Letters to the Editor
And it's tasty, too!
REGARDING HERBICIDE USE by the logging company in the Los Gatos Creek watershed ("Froggers and Loggers," News&Views, Dec. 13), I certainly support people's right to make informed criticisms regarding pesticide use. Unfortunately most people do not understand the global threat of invasive species. Herbicides are widely used by professional ecologists who are struggling to preserve biodiversity against a plague of non-native plants. The vast majority of studies show that glyphosate (Roundup) is safe to use. Some studies contradict this, but some studies also contradict global warming theory. These are minority opinions that are not necessarily wrong but have failed to convince the majority of scientists. The greatest threats to the red-legged frog are loss of wetlands and the non-native bullfrog, not water pollution. Once people learn to recognize invasive plants and see how fast they are spreading and destroying our natural heritage, their opposition to herbicides fades away.
John Pritchard, Watsonville
AFTER READING THE review of Bobby ("'Bobby' Bland," Film, Nov. 29), I must wonder why you think it sucks. I have been an avid filmgoer for thirty years, over which period of time, I confess the quality of production has decreased substantially. This is why when I saw Bobby, I was impressed with the direction; the melding of actors still cutting their chops with the honed skills of our finest elder actors is not any easy task.
I was impressed with the writing. A tale of real people and real facts interwined with fictional people whose fates are crossed is accomplished seamlessly. To have the message of that time be so screamingly relevant to our lives today is undeniable. To remind us all of just how closely we are connected, disagreement does not have to end in violence. ...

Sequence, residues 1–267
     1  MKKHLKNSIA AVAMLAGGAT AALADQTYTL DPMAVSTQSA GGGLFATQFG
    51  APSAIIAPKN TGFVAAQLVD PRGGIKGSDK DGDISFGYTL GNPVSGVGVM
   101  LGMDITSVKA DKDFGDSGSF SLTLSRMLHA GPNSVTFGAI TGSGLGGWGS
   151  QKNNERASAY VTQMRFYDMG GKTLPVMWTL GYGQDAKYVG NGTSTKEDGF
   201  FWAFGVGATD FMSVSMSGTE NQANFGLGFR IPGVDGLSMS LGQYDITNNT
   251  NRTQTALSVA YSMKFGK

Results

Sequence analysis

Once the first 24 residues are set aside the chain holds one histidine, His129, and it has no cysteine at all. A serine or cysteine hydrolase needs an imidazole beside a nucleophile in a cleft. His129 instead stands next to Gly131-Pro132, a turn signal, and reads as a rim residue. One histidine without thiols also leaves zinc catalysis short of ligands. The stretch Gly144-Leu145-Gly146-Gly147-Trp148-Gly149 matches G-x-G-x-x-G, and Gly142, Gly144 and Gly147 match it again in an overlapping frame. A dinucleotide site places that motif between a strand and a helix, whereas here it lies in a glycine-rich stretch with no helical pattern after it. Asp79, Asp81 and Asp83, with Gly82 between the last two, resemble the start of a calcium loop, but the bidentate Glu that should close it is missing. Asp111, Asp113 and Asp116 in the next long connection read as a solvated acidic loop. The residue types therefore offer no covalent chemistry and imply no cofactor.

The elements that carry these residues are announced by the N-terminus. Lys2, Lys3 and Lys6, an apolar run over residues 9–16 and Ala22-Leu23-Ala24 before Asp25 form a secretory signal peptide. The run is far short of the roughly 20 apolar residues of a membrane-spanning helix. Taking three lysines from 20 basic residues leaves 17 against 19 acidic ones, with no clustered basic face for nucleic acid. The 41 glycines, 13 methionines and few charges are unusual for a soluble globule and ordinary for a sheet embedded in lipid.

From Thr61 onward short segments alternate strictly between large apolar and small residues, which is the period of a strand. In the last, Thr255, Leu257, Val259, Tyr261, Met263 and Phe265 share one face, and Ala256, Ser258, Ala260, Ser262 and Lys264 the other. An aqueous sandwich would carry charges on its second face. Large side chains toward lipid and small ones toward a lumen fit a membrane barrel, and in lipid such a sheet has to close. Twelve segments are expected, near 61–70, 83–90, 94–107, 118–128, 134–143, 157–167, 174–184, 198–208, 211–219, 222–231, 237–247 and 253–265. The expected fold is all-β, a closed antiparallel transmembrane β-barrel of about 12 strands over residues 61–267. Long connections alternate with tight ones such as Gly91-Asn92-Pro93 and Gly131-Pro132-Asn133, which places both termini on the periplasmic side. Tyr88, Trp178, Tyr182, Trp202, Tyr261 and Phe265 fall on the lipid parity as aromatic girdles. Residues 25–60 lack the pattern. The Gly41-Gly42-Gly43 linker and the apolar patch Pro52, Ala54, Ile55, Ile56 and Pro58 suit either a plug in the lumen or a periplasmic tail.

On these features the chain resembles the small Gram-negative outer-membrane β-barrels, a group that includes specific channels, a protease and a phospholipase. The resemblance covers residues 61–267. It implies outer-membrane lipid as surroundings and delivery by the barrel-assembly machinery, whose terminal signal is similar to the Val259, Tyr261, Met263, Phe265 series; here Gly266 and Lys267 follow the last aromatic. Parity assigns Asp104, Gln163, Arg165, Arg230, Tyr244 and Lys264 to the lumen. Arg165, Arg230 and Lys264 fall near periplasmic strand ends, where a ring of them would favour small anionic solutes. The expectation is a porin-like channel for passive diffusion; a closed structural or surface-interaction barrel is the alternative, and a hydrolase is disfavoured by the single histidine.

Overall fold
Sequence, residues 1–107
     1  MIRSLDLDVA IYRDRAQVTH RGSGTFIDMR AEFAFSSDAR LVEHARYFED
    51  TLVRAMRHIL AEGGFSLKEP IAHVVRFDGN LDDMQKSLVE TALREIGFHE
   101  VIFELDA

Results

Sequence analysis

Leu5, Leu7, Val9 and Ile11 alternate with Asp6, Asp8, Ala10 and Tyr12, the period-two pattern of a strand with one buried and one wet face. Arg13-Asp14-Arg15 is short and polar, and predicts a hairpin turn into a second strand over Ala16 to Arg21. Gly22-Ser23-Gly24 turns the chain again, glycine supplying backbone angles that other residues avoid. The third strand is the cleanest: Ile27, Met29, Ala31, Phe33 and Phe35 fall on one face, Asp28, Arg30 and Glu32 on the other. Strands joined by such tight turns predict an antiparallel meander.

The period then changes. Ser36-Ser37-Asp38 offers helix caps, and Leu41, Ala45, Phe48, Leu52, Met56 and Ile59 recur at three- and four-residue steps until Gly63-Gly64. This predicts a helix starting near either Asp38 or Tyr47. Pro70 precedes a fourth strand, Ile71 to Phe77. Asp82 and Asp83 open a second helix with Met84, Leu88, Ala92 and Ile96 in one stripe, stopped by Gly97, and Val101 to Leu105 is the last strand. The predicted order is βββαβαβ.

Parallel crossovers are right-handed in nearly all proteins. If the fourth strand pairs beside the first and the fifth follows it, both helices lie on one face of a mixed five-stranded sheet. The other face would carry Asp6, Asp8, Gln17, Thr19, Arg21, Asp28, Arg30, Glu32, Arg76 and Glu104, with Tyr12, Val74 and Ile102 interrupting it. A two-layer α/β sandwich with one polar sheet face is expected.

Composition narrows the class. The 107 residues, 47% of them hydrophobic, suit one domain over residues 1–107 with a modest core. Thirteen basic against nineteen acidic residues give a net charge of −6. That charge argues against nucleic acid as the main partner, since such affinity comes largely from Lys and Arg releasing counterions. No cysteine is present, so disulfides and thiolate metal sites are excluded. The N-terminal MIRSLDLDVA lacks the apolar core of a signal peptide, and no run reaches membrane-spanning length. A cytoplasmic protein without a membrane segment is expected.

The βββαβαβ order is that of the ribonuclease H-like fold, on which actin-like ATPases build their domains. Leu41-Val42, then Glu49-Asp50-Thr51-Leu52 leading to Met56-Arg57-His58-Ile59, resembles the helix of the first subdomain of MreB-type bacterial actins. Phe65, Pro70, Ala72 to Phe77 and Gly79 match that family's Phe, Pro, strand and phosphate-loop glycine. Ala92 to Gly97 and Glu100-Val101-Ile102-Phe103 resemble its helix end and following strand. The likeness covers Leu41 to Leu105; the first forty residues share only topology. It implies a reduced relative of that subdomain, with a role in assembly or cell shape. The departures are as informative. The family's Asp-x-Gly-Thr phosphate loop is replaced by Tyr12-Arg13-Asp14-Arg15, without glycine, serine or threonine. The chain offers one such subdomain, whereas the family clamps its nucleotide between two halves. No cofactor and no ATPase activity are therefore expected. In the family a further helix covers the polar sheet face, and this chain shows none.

It is to this end I must query the reviewer if they understood the film or simply dismissed it because Emilio Estavez created it? I remain perplexed at your insights on the film, but certainly respect your opinion.
Dina Izzo, Santa Cruz
Stop the killing
THE 1980s was a bloody period. U.S.-supported death squads roamed El Salvador raising fear and repression in the land. During the height of these atrocities, Archbishop Oscar Romero, Bishop of the Poor, cried out from the pulpit, "In the name of God, In the name of the suffering people, I ask you, I beg you--stop the repression, stop the killing." The next day, a sharp shooter's bullet struck him down.
Scroll the dateline to 2006. Stop the killing in Iraq! If our troops left this tragic land after three years of our occupation, our own dead numbers, our "best and our brightest," would not reach 3,000, the numbers of our crippled, and psychologically damaged, military would cease increasing, our bullets would no longer be responsible for the unknown numbers of men, women and children of Iraqi's dead. We must cry out--"Stop the Killing!"
As the bullets fly, the numbers of dead continue to increase in the tragic Mideast. We have opened a Pandora's box there and released a genie, now trapped in a quagmire. In the meantime, a quiet revolution, without a bullet fired, is occurring in South America and Central America. In spite of the attempt by the U.S. State Department to demonize Chavez of Venezuela, he is probably responsible for the shift to the left in many governments.
In Central America, Nicaragua has just elected Sandinista Daniel Ortega; Leftist Obrador of Mexico still maintains that Calderon has not been legitimately elected, but no one has suggested civil war.
Venezuela has captured the hearts and minds of the governments of Bolivia, Brazil, Argentina, Uruguay, and now, Ecuador. Even Chile has a left-leaning president. The emphasis is the reduction of poverty, the improvement in literacy and health, bartering between nations and the rejection of the corporate-led, U.S.-controlled Free Trade Agreements of the Americas (FTAA). A century or more of domination by the North has led to deep pockets of poverty in all of the above countries. They are finally saying "enough," even though most of them are still enmeshed and beholden to the World Bank and the International Monetary Funds for loans when the IMF demanded structural adjustments to their social programs.
South and Central America use dialogue instead of bullets to bring democratic change to their countries. So can we. It takes political will and a lot of integrity to stay the course and abandon military might as we do this. Dialogue with Iran and Syria should cease to indicate that military invasion is still an option. We have a fine model to emulate in the transformation occurring in the Western Hemisphere, and even in our November 2006 election. There is a message from our civil society: Out of Iraq. It behooves our government to listen.
Ruth Hunter, Santa Cruz
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